Recently, an early middle-aged research scientist, with over a decade’s experience in molecular and cell biology, joined our laboratory. After a time, it became apparent that he was an experimental phobic, having been suffering from severe negative and irreproducible results intermittently over several years, and, instead of grant-writing, had resorted instead to a developed propensity for misguidedly talking to himself in public. When asked why he felt such trepidation, he would reply that he knew it would fail, or that equipment would break during an experiment, enough to make him cancel or postpone the experiment at the last minute. He confessed to finding the whole experimental rigmarole a distressing and daunting ordeal. Eventually, he let me have a look at his lab books: if I required more evidence of his condition, the erratic and intermittent entries provided it – classic ‘Anxious Researcher Syndrome (ARS)’
One morning, he came in to work complaining of a sleepless night because of his ARS, but was ready to try that PCR. Once attired in lab coat, however, he became very anxious and, holding his head, screamed, “Look, it won’t fucking work!”, threw off his lab coat and marched off to the toilet. Upon returning, he said he would conduct the experiment in the afternoon, as having had nothing to eat, wanted to make sure he didn’t miss lunch. Later that afternoon, he expressed readiness; but, every time he donned his lab coat and went to the freezer, the same symptoms returned. This pattern was repeated over the course of several weeks, with various excuses: weakness, trembling, sweating, headaches and so on.
One day, when it was apparent that this sequence was going to repeat itself, and that he would attend the forthcoming lab meeting with, again, nothing to present, I suggested a homeopathic remedy to calm his nerves. Being a scientist (a label that, by his own admission, was becoming tenuous), he was initially very sceptical. However, desperate for help and the avoidance of another sleepless night, he acquiesced to my proffering of 50c pilules of extract of Coleus fornicans, to be taken regularly, with the reassurance that I would not pressure him with the protocol until he felt relaxed.
After a few doses, much to his amazement (and noting the sweet taste), he had calmed down in to a mood conducive to starting the experiment. Although occasionally interrupted by a need to visit the toilet, he came back feeling better and was able to continue work. The experiment was complicated, but he coped well, and subsequently obtained a good result. I gave him further Coleus for use three times per day for the next week. He was very relieved and confessed surprise at his improved condition, and how he had managed the experiment after taking Coleus. He said it reminded him of how he felt in that time of promise when things used to work. He then set to planning a whole raft of further experiments.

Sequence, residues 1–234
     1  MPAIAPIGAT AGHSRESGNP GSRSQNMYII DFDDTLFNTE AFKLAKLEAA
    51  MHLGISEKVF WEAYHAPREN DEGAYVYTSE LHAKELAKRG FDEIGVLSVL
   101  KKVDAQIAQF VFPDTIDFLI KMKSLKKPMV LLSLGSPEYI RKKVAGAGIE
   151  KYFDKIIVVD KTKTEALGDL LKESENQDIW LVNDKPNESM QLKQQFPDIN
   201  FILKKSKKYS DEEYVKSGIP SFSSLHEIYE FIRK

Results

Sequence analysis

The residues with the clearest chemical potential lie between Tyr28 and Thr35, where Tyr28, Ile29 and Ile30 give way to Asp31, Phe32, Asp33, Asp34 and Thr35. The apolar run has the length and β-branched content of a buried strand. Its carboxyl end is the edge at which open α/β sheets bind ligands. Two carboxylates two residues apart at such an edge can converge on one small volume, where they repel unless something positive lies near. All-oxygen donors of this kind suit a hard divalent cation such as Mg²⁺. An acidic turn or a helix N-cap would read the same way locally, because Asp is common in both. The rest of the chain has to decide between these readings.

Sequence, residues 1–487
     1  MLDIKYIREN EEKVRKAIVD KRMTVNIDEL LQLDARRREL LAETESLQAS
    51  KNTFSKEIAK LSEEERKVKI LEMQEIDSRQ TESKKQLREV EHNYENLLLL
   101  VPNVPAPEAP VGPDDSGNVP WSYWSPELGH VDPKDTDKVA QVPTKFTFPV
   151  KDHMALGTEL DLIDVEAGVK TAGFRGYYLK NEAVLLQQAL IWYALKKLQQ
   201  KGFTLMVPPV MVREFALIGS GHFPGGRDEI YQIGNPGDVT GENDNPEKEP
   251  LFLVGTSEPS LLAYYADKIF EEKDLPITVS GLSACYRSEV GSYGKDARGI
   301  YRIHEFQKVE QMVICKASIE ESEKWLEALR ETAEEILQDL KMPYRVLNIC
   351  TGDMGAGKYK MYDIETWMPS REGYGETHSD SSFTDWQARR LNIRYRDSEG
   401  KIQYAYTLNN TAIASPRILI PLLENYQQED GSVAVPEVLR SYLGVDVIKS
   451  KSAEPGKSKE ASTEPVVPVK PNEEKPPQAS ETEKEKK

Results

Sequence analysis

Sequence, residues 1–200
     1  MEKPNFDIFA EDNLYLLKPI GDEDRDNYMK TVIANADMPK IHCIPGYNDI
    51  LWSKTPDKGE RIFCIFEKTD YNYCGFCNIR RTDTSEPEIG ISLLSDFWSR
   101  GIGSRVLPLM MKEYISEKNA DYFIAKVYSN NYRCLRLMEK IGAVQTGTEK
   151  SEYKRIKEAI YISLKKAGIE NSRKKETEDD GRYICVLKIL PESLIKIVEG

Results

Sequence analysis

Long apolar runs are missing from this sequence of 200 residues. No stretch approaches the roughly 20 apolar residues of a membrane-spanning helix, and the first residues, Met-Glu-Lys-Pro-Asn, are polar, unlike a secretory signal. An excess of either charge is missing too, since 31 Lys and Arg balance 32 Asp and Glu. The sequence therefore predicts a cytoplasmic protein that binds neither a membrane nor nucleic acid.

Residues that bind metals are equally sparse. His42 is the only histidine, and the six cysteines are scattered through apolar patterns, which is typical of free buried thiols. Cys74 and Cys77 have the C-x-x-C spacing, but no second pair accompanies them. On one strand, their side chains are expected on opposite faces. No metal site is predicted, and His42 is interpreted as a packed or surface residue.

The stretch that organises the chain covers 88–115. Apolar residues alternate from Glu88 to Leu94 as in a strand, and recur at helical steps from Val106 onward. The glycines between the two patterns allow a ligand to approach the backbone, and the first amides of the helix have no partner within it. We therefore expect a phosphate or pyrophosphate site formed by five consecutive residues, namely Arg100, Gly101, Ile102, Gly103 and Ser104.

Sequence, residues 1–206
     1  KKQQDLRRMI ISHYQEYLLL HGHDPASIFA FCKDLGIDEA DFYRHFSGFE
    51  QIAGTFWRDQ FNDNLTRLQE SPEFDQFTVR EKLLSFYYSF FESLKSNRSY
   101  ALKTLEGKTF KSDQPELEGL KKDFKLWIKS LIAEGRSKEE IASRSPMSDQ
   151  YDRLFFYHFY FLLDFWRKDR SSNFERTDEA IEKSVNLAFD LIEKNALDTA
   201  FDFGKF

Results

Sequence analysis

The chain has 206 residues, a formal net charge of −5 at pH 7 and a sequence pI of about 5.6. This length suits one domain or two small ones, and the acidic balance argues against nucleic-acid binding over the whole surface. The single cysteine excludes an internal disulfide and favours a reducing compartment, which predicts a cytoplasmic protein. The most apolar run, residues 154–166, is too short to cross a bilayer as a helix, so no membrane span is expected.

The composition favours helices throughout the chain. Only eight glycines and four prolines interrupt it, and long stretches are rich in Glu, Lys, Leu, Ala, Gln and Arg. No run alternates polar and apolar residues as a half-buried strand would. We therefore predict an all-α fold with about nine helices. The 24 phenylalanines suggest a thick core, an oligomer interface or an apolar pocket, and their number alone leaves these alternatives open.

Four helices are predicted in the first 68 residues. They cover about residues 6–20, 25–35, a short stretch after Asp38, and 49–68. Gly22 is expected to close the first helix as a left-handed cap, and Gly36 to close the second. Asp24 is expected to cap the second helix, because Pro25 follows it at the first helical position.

Coleus fornicans is native to Chile’s Atacama desert. Although a flowering plant, its mode of pollination is undetermined. It emerges from a double bulb, from which emanates copious fine roots. It is not to be confused with its Antarctic relative, Coleus extremis, the bulb of which is degenerate by comparison. There are a lot of things to say about this plant, which, although I’m not sure of their relevance, all sound very scientific, making for useful marketing material.
That our patient has regained his scientific mojo is apparent from his nascent tendency to question the mechanism of his remedy. If a small dose of ‘like’ can cure a condition produced by a large dose of ‘like’, then presumably an overdose of C. fornicans extract would render the imbiber into complete torpor (often virtually his symptom prior to treatment). However, although it is too toxic to test for this at high concentration, this likely accounts for the deaths of people consuming the plant in the Atacama. Also, in the preparation process, what happens to the organic solvent-extracted cocktail of compounds upon transfer to aqueous diluent? Presumably the volatile alcohol disappears during succussion, and the water retains no memory of it.
However, illogicality is not disproof. Our ARS patient is testimony that talking Coleus fornicans can work.